November 1,1995 Campus News 5 Gang brings China to Meredith By: Betsy Stewart With his briefcase in hand and a smile as big as China on his face, Gong Huan-Gang is a familiar sight injoyner Hall this semester. Gong is visiting professor of politics from Dongbei University of Finance and Economics in Dalian Province, People’s Republic of China. He is teaching at Meredith under the auspices of the Kenan Grant, which has funded a series of faculty exchanges with Dongbei University, since 1992. Gong is teaching two classes this semester; China Today and Introduc tion to Chinese Language. He says it is very difficult to learn Chinese in only three months, but his students are eager. “1 like the students here,” Gong said. “They are quite smart, quite po lite, quite gentle. They are quite smart to learn a foreign language, and they are quite keen to learn about what happens in China.” At Dongbei University, where he is associate professor and deputy dean, Gong teaches classes in foreign trade practices and international trade. These classes are important, Gong says, be cause Dalian, a border province, is one of 15 Special Economic Zones in China. It is one of China’s most important industrial bases with steel, coal and other natural resources. Dalian is sec ond only to Shanghai in its importance as a harbor city. . Gong holds a bachelor’s degree in English and a master’s degree in eco nomics. This is his first trip outside of China. His wife, who works in a bank, and his eight-year-old son are at home. He says he misses them, and adds that his semester at Meredith “is a task, an obligation 1 have to finish and do it well.” What is his favorite American food? Hot dogs! Gong is living at the Lemmon House on Faircloth Street and eats most of his meals in the Belk Dining Hall. He said, “in the cafeteria I think most of the vegetables are overcooked, but with such a big number of students it Holiday Special Look Greats Feel Good! 5 visits $15.00 W visits $25.00 1 Nionih $45.00 1st visit FREE 9 Buck Jonas Rd. • RaWgh, NC 27S06 • PJ33-67a9 AH Visits must be used by 12/20/95, Month can be purchased up to 11/20/95 Best Rates in fown-Bulbs changed regularly-Less than three miles from main gate. 233-6799 Gong Huan-Gang is difficult to meet everybody’s satis faction.” In comparing education in China with what he has seen at Meredith, Gong notes one major difference. “Most of the Chinese students have to compete to get a chance to be a uni versity student, and it is much more difficult. Here it is only a question of money. In Cliina you have to com pete, and only a few of the senior students, no more than ten percent, get in. ” Gong said the hardest task is to get into graduate school, and for some majors there are no master’s or doc toral programs available. Many Chi nese students go abroad to study, Gong added, and they go to Japan, the U. S. or Europe. Japan is a frequent choice because of its proximity, and because many students speak Japanese as well as Chinese. Gong’s first impression of America was that we have “too many cars, no body walks on the street and every body is busy, quite busy.” He visited the NC State Fair and noted that it is similar to national fairs held in China. “It was the first time for me to see so many American people gathered to gether,” he said. “This is quite an important experi ence,” Gong said, “and I have learned a lot. America is a highly-developed country. People here are quite busy, busy with their own business. They have little time to chat. The American economy is quite well organized and everybody is busy here, except me sometimes, “ he smiled. Gong will return home at semester’s end and is looking forward to spend ing three days in New York City after he leaves Raleigh. A friend in China told him, “if you love somebody, send him to New York—it’s a paradise. If you hate somebody, send him to New York—it’s a hell.” Gong is anxious to see New York, whether it be paradise or hell, for himself. Counseling Center No Show By Dina Di Maio Turnout has been low at the coun seling center’s seminar series, “Be yond Meredith,” said Sanne Martin, seminar director. Turnout has grown since the be ginning of the semester, but it is still not as large as she would like it, said Martin. “We’re hoping for 20 people, but we’re always getting 10,” Martin said. Two reasons forthe low attendance: advertising is difficult and students are busy. Because the counseling center is paying for the seminars, it is spending as much as possible on advertising. Martin said the counseling center sent brochures to students and also posted flyers and posters. The counseling center is now using other channels to advertise. See Center Page 7 Wanted!!! Individuals, Student Organizations to Pfoiuote SPRING BREAK Earn MONEY md EREE TRIPS CALL INTER-CAMl>U$ PROGRAMS 1-800“3276013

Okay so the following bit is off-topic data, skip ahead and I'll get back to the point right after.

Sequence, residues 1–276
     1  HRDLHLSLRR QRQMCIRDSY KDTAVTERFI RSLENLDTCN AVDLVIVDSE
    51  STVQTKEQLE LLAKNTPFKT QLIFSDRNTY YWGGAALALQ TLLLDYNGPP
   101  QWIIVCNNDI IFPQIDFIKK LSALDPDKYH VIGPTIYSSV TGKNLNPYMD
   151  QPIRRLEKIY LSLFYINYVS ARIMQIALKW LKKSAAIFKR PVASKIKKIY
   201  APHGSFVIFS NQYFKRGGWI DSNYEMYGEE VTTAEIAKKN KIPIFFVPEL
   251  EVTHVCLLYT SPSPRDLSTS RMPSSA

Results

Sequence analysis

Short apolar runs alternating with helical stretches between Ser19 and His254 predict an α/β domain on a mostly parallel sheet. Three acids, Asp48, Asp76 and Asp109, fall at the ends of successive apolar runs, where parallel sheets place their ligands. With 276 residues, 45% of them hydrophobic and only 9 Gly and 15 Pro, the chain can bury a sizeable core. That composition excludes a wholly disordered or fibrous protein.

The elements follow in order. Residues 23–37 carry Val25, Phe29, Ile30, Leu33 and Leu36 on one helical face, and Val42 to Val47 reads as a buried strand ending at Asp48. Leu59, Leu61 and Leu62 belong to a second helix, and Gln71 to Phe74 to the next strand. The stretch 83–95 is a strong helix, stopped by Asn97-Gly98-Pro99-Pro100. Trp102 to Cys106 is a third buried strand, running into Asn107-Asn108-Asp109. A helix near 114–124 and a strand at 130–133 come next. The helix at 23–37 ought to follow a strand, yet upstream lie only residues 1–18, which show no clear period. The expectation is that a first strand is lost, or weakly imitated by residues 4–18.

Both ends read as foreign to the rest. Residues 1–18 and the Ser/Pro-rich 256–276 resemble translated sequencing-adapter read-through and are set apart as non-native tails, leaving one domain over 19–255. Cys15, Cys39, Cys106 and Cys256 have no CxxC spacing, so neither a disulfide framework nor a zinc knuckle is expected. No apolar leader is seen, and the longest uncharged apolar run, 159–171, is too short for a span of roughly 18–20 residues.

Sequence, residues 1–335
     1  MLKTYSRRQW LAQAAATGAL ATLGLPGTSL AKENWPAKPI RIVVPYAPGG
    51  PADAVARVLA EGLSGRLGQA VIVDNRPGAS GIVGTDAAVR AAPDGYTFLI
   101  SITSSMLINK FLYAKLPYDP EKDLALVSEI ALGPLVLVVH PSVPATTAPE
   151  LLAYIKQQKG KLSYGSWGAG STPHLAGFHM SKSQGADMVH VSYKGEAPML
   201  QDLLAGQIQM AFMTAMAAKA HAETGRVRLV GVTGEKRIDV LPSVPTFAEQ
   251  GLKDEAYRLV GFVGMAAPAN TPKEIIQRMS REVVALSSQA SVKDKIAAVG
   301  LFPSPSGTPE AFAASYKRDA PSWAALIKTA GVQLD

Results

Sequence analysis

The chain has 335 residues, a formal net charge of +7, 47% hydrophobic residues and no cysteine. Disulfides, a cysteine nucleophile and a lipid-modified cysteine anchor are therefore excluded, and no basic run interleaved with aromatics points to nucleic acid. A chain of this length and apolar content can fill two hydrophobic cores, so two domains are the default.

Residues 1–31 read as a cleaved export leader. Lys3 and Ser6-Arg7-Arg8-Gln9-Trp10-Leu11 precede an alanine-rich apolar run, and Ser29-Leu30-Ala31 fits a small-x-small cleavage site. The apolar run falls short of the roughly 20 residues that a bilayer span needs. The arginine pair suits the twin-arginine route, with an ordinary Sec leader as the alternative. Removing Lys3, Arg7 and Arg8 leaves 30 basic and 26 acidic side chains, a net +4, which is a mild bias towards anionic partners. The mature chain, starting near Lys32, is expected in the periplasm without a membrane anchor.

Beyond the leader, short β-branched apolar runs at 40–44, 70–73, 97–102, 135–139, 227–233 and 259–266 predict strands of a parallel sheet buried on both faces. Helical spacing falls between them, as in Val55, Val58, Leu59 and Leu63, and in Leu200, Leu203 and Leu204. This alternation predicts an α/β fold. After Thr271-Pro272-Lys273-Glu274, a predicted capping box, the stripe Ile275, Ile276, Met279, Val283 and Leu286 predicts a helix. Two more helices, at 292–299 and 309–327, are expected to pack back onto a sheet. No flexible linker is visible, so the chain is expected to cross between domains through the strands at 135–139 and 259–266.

Page Text

This is the computer-generated OCR text representation of this newspaper page. It may be empty, if no text could be automatically recognized. This data is also available in Plain Text and XML formats.

Return to page view